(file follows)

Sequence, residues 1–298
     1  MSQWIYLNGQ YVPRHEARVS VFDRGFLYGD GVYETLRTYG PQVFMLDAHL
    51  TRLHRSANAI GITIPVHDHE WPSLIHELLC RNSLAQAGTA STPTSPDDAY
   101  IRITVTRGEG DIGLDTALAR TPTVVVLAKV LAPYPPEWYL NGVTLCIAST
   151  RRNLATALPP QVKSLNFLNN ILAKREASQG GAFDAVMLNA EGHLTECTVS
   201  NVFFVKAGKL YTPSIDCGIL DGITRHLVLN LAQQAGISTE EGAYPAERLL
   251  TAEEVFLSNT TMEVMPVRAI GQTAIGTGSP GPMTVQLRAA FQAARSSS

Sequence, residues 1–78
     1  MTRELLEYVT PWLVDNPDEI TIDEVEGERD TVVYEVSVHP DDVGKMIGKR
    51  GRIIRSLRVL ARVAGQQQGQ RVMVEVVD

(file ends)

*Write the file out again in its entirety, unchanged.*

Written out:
Sequence, residues 1–298
     1  MSQWIYLNGQ YVPRHEARVS VFDRGFLYGD GVYETLRTYG PQVFMLDAHL
    51  TRLHRSANAI GITIPVHDHE WPSLIHELLC RNSLAQAGTA STPTSPDDAY
   101  IRITVTRGEG DIGLDTALAR TPTVVVLAKV LAPYPPEWYL NGVTLCIAST
   151  RRNLATALPP QVKSLNFLNN ILAKREASQG GAFDAVMLNA EGHLTECTVS
   201  NVFFVKAGKL YTPSIDCGIL DGITRHLVLN LAQQAGISTE EGAYPAERLL
   251  TAEEVFLSNT TMEVMPVRAI GQTAIGTGSP GPMTVQLRAA FQAARSSS

Sequence, residues 1–78
     1  MTRELLEYVT PWLVDNPDEI TIDEVEGERD TVVYEVSVHP DDVGKMIGKR
    51  GRIIRSLRVL ARVAGQQQGQ RVMVEVVD